Fun-loving fans eat up Cake, Cracker, and others at EarthFest
It was a perfect aligning of the planets that Cake, a band as green as they are snarky, headlined the 15th annual EarthFest sponsored by Radio 92.9 (formerly WBOS-FM), Saturday at the Hatch Shell. Not only has the veteran Sacramento band been a staunch champion of environmental awareness - after all, how many rock groups give away trees on stage? - but it's one that has pledged to record its next album entirely with solar power.
Cake's headlining slot also happened to reflect (along with the other main stage performers such as Cracker) Radio 92.9's recent change from a softer adult album alternative format to the (presumably) edgier alternative rock of the past couple of decades. Oh, one other minor detail that made the afternoon such a success: Cake also happens to be very good at what it does. Sardonic and witty, clever and imaginative, it's an outfit that has far exceeded the modest expectations accorded most alt-rock one-hit wonders from the '90s (remember Cake's smash, "The Distance"? And no, they didn't perform it).
Cake frontman John McCrea, clad in thrift-store Florida retiree garb circa 1957 (the sky-blue windbreaker was a nice touch), exuded a coolly droll presence. His aloof, free-associative vocal wordplay was more about speaking than singing. So was it with irony, or a lack thereof, that he led his band through a strangely funky cover of Black Sabbath's "War Pigs," whose epic anti-war lyrics still rang true after nearly 40 years? The band's own semi-hits, "Never There" and "Short Skirt/Long Jacket," both built on blasts of brass and beds of keyboard, were likewise slinky, pungently tasty treats.
There were also some occasionally uncomfortable moments. At one point during Cake's 90-minute finale, apparently in response to the phalanx of two dozen or so police and assorted security staff sternly eyeing the boisterous crowd from the foot of the stage, McCrea sarcastically urged the crowd to "give a big round of applause to law enforcement they're here to protect and serve you!" The exhortation inevitably drew loud boos.
Earlier, midway through Cracker's spirited 45-minute set, a state trooper had clambered on stage and ordered the band to cut short its song, "Teen Angst (What the World Needs Now)," due to the rambunctiousness of the crowd up front. "It's all fun until somebody breaks a hip," quipped Cracker frontman David Lowery. "Seriously, thanks for being a little bit more mellow." (As of Saturday night, there had been no reports of arrests or injuries related to the free concert, according to Massachusetts State Police.)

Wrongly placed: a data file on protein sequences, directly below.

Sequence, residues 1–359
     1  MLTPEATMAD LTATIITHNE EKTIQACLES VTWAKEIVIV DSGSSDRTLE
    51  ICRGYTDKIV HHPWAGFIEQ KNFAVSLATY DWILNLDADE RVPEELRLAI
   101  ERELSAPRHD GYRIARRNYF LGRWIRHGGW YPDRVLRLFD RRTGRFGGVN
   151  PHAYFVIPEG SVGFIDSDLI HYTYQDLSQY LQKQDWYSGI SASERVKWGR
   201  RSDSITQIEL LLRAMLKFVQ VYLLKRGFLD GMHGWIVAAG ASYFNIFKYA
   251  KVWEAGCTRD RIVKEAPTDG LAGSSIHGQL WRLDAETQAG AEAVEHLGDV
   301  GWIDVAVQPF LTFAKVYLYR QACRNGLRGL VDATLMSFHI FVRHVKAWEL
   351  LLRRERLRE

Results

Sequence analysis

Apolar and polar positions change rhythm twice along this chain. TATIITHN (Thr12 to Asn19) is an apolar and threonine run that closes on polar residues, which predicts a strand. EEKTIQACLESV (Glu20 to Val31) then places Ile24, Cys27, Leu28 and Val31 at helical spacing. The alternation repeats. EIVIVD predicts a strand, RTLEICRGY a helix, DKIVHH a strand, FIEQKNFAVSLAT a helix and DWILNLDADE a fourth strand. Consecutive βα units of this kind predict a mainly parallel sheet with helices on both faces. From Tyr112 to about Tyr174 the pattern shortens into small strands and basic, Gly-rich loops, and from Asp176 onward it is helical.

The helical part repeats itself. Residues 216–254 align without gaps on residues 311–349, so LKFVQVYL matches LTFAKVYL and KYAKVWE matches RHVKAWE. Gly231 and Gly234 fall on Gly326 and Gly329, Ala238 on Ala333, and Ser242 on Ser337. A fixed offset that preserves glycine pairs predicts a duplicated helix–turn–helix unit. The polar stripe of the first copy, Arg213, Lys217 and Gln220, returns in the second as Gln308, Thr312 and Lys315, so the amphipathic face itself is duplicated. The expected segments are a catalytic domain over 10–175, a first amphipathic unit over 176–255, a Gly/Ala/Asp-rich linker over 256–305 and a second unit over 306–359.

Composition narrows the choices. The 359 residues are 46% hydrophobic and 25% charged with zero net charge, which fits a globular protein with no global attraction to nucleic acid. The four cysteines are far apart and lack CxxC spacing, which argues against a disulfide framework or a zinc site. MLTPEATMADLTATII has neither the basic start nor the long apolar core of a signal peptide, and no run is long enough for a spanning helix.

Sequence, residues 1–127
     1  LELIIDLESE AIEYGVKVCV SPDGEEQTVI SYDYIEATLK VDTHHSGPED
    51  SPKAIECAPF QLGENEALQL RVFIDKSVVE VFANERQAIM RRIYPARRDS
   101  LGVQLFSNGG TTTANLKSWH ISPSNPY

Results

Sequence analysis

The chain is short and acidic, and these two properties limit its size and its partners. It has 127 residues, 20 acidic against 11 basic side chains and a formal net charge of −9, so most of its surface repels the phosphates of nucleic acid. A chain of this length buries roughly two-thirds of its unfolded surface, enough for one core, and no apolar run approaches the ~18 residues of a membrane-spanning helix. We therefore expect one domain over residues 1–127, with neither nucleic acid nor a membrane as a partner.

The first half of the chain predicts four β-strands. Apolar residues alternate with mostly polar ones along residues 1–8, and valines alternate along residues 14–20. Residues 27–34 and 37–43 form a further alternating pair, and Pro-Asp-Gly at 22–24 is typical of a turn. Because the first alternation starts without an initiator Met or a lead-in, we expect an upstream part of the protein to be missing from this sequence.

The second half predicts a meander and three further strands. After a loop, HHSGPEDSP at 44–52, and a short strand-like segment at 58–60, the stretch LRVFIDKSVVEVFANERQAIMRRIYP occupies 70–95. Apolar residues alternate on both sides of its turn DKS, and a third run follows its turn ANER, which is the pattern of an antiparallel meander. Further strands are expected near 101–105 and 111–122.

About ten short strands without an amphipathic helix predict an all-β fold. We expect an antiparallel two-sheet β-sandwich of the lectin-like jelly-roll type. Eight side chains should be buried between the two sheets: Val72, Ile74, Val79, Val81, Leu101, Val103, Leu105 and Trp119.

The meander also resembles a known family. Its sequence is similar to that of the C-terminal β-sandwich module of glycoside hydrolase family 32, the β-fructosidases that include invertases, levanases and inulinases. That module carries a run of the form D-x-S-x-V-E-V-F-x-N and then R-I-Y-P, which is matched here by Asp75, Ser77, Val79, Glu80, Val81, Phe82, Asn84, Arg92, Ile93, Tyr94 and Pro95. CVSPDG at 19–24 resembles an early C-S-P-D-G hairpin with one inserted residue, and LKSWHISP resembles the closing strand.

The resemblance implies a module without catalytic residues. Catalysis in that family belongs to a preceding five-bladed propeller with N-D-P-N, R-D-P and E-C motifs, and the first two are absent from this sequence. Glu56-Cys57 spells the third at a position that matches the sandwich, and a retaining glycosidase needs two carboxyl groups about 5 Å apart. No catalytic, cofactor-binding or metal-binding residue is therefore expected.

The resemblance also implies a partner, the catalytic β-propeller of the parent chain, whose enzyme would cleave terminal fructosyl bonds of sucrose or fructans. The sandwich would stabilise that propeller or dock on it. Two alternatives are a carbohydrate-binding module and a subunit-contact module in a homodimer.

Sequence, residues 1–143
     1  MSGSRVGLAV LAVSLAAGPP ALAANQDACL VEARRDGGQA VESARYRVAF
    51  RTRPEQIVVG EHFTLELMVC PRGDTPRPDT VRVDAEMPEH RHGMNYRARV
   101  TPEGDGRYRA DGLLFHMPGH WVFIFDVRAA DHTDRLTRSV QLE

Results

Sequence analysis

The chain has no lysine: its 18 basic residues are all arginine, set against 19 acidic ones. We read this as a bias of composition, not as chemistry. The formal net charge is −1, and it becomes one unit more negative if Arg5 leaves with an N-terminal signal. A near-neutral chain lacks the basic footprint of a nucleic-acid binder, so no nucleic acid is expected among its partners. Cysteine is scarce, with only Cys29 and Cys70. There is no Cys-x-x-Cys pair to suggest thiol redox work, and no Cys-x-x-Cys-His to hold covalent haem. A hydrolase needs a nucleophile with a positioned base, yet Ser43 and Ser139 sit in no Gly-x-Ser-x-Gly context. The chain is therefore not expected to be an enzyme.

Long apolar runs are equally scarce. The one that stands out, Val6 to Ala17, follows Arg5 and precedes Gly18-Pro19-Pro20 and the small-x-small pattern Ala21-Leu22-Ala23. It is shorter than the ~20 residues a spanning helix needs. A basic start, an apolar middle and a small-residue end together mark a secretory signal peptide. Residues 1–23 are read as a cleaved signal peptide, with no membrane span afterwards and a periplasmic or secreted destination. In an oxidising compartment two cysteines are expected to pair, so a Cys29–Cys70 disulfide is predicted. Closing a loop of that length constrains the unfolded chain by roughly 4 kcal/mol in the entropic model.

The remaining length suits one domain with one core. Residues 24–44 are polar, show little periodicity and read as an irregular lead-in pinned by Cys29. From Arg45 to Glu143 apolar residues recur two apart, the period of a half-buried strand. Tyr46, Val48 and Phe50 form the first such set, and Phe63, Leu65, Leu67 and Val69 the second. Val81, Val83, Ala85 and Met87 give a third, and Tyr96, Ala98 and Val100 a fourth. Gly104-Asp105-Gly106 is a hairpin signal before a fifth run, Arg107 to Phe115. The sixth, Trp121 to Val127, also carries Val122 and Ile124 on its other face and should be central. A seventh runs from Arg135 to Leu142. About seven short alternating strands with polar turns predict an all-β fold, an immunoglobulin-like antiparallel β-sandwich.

A superlative early set by the BoDeans (who, in a nostalgic mood, dedicated their 1986 college radio hit, "She's a Runaway," to Boston's indie rockers Scruffy the Cat) went smoothly, as did a jubilant, crowd-galvanizing performance by British ska legends the English Beat. With the Specials' Lynval Golding in tow on guitar, the English Beat's reggae-inflected party music made for 50 minutes of pure bliss. The hits - including the Specials' "A Message to You Rudy" and the Beats' "Mirror in the Bathroom" and "Save It for Later" - came fun and fast.
Aside from Saturday's Hatch Shell lineup, which drew a crowd that was estimated at anywhere from 40,000 to upward of last year's 100,000 people, it was an afternoon of wide-ranging musical highlights. Among those were the Kid's Planet Stage that featured children-friendly songs from folkie Ellis Paul, to the Boston Music Stage that featured up-and-coming local talent such as singer-songwriter Tim Blane, whose light-hearted blend of upbeat pop and soul - not to mention briefly semi-buff presence as he traded T-shirts with a female fan - attracted a few eco-friendly admirers.